This time of the year always fascinates me! The colors are beautiful, and I am still thrilled to drive or walk through falling leaves. Not a big pumpkin spice fan, but I love the play on that aspect of fall. I saw a transmission place suggesting they had pumpkin spice fluid and would replace anyone’s current fluid. Was that an appeal to draw in more female clients since I think those are the ones who are most enamored by pumpkin spice? You can tell me if I’m wrong.
Yesterday I did what I hoped was the last of fall leaf clean up. Of course, there will be more in the spring when the rest of the oak leaves will be down because of the snow and wind through the winter. The yard sight of a clean yard is shocking. I live in the woods, and there are about six weeks when my yard is covered with leaves of various shades of gold and brown. Seeing mostly green is a surprise.
I don’t cut down the dead stems of the perennials because I love how they give me a feeling of hope. Yes, something dead-looking gives me a sense that there will be more. As the dead flowers stand tall above the snow when I am feeling shut in with cabin fever I can look at the dead heads of the flowers and remember. I remember how life was not so long ago. I remember the work and the sore knees and relax in the comfort of a chair by the fire. I see birds picking at the last of the seeds to fill their hungry tummies.
In northern Indiana, the winters are black and white. Snow and tree trunks are about all that we see. The brown of the dead plants adds a sepia or nostalgia to the mix because buried beneath the snow are the roots of hope. The hope that everything will be green and colorful again. Yet!
When the first bloom of the crocus starts to show its color or the buds on the early blooming bushes begin to swell with life, I am always taken by surprise. I forget that the hope of spring is still alive even when dormant. When the snow melts and reveals the last of the oak leaves on the ground, the grass stays brown for a while, but the flowerbeds start to teem with colors.
All of this is not something any gardener in the north doesn’t know, but there is a more in-depth story to reflect on. If you are a gardener and not a winter sports fan, you know the hopelessness that can creep into your heart in January or February. There is a syndrome that causes depression during the gray and dismal months of the year when we feel lucky to see the sun, but that’s not what I’m talking about here. (I actually think we should be thankful that it’s sunshineless because the sun on the snow is blinding!)
Lying within us is the promise of a new life. Our spirit lies dormant within us, waiting. Within that new life is the potential to become fully alive and to live our truest self, the ability to live authentically. It’s all there waiting to be brought to life. The roots of our true self reach down to our soul. Our soul needs to be revived as the plants need the lightning and storms to become filled with nitrogen and life. Maybe you have been experiencing storme in your life. Storms can be frightening but also lead to growth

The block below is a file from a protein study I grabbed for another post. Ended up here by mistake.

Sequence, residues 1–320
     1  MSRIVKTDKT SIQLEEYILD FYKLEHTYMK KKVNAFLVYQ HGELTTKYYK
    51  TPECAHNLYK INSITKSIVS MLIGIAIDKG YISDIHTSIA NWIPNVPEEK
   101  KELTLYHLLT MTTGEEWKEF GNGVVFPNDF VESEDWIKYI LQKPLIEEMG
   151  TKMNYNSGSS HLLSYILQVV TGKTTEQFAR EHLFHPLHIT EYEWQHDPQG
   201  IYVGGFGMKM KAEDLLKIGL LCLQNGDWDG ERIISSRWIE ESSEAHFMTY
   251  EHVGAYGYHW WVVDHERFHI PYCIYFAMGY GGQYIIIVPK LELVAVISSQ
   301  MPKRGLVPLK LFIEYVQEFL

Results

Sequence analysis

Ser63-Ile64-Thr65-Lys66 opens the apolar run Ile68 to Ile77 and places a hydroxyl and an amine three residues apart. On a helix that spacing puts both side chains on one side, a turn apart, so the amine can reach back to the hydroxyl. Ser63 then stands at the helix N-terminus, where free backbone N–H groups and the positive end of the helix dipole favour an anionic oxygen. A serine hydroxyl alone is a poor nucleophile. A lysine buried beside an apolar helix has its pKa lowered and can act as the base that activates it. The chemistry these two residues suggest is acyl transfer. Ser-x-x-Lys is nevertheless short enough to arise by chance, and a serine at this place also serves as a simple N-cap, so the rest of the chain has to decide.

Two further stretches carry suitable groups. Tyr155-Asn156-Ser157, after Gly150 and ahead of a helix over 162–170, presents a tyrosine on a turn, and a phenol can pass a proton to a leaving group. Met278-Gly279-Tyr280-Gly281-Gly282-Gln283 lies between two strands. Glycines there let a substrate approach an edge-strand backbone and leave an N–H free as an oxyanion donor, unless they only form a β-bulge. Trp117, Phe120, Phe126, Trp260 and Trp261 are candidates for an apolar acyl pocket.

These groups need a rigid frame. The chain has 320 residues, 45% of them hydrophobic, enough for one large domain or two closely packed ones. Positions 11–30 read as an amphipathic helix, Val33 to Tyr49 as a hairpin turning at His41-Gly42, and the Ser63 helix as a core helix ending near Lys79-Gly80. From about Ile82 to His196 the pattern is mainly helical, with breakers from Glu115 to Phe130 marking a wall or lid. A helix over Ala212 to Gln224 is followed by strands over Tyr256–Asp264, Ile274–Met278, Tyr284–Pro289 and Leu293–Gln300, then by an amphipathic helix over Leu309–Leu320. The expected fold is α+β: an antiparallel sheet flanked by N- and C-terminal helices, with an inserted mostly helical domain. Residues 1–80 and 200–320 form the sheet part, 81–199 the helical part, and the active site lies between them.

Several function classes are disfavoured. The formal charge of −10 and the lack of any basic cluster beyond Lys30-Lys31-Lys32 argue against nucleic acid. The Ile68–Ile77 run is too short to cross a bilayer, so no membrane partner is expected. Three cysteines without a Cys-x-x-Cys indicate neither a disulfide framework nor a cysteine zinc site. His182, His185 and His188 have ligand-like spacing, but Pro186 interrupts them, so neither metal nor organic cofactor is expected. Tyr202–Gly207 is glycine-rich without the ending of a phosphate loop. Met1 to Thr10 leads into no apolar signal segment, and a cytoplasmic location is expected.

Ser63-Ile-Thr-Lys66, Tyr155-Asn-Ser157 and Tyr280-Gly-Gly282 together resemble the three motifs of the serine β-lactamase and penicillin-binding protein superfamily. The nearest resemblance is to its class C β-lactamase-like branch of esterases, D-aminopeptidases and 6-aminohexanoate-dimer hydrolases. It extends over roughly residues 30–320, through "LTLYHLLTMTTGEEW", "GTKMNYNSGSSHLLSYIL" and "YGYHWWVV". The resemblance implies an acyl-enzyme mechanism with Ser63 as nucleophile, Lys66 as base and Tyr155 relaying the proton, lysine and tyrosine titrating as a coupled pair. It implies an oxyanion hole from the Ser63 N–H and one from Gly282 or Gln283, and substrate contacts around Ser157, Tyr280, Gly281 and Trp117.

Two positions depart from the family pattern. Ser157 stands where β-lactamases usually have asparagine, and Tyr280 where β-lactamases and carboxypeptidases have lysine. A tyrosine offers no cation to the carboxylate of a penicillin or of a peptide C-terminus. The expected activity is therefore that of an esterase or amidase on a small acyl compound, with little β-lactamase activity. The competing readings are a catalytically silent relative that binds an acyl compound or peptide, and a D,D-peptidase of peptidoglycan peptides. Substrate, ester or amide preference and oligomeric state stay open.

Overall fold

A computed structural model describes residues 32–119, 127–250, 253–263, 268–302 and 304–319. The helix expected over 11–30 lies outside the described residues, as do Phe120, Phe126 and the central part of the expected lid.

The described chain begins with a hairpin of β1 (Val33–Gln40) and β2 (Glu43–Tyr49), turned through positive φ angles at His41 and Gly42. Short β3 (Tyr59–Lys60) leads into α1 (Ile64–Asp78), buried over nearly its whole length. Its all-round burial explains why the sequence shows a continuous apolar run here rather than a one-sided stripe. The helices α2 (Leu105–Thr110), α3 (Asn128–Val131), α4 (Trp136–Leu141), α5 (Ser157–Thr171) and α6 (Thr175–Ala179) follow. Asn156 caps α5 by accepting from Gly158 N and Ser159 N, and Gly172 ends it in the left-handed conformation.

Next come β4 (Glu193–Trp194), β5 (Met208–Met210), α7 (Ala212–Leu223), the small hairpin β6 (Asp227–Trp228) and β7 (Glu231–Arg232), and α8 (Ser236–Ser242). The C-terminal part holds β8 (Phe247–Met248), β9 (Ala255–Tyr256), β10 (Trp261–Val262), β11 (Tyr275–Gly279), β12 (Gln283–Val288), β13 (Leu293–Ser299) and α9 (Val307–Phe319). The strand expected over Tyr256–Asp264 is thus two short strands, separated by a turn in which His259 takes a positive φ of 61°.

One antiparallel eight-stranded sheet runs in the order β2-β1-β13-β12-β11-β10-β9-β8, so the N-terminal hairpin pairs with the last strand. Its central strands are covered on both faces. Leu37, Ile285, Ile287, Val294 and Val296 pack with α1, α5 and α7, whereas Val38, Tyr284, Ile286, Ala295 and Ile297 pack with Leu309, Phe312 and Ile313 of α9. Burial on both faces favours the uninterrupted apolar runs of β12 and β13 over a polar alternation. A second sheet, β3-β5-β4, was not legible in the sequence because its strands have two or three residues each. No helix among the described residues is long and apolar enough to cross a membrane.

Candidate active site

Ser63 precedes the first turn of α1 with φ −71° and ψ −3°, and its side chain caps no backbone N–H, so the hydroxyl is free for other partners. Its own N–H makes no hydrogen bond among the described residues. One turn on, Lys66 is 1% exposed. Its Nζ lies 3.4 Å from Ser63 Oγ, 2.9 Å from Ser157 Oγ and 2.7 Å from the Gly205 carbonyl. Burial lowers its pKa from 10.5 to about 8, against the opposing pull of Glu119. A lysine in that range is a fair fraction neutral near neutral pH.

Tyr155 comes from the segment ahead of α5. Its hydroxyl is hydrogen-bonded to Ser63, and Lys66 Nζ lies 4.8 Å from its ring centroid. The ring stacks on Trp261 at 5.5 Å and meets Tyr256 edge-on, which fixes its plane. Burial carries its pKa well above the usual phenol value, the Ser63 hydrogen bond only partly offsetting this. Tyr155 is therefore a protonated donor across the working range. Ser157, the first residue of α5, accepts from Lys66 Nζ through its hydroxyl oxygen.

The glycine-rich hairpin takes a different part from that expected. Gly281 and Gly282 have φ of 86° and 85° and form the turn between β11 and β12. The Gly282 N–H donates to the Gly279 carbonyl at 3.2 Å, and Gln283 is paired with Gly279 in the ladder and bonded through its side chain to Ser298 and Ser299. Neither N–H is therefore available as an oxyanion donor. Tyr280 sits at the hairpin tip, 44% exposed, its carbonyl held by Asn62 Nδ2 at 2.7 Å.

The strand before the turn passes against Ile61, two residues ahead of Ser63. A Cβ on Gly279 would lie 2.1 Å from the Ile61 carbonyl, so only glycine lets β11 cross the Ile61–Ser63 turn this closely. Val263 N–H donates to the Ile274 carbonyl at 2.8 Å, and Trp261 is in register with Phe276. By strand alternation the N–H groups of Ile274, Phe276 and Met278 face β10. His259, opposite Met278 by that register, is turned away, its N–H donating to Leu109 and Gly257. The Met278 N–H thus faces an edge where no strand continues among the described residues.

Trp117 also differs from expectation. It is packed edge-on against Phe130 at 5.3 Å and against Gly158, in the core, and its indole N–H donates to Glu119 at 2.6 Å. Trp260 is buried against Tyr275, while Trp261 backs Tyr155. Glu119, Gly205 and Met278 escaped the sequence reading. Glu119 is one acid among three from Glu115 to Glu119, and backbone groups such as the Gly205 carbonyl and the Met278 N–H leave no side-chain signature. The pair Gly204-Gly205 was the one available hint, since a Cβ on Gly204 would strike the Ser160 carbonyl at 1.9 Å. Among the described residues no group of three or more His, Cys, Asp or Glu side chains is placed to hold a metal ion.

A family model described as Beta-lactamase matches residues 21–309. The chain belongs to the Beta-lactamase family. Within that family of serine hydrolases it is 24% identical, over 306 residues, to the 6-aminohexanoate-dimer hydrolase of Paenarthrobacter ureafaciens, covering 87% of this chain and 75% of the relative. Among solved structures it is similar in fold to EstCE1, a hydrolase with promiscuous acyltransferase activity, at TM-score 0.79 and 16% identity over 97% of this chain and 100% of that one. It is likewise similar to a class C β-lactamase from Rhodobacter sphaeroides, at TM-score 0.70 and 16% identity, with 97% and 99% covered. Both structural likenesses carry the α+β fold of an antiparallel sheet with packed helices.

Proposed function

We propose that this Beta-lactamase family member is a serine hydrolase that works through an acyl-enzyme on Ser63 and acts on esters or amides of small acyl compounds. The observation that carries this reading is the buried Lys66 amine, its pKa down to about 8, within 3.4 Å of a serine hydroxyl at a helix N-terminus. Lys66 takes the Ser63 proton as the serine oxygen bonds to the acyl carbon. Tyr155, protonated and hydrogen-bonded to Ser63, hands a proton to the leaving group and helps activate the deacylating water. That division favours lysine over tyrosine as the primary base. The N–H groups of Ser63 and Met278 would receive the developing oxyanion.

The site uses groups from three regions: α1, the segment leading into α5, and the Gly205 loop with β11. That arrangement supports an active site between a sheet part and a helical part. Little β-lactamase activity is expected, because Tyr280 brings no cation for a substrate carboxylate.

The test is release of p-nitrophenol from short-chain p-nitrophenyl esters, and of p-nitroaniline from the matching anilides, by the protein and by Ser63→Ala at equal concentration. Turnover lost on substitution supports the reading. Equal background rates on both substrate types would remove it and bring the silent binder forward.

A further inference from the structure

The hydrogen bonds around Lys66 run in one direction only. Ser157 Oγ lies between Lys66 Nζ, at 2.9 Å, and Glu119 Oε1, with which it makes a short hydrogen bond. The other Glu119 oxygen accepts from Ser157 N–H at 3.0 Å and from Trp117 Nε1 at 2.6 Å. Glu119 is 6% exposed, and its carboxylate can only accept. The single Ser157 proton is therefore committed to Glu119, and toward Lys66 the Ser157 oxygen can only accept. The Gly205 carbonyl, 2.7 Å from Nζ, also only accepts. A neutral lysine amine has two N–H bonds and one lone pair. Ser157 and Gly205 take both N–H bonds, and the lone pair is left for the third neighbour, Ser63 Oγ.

What can bring our dormant spirits or souls to life? Like a Light in our darkness, it is the one who created light in the first place. It is the one who created us with a soul and spirit that longs to connect with their creator. We may numb our longing with many things, even good things like gardening or winter sports or addictions or activities, but they are just snow on a promise of hope.
Sincere hope exists with real possibility. Our DNA remembers what we have forgotten or maybe never knew. It remembers we are made for more than dreary days and closed in spaces. We need to step back, so we are not blinded by the showy brightness of the world. If you can get in touch with your soul during the sad or lonely days of your life, you will find a sense of creativity, peace, and a desire to worship. Solitude is “the quiet place where we hear again themes that have long been forgotten. We hear the familiar words of reassurance. Those good, but neglected areas of spirituality resurface.”
Get a journal and write down your thoughts this winter. Let them take root in your soul and allow old hurts to be healed as you journal about them. Sometimes putting our hurts in black and white takes the sting out. If not, try a colored pen! But to truly rid yourself of those hurts you will need to take them to the only one who can heal, and that is the One who will restore your soul. That is Jesus Christ, who created all things including you.You are a miracle with a vital role to play in this “Bigger Story: called life.
If you have not heard about Jesus except as a slang word or with negative connotations, refresh your thoughts. Revival and restoration of your soul will only come from the one who created your soul. He will take you to your truest self and restore your relationship to it and to Him.
Winter is near, but it doesn’t have to be a time of death and darkness. It can be a time of rediscovering hope and life!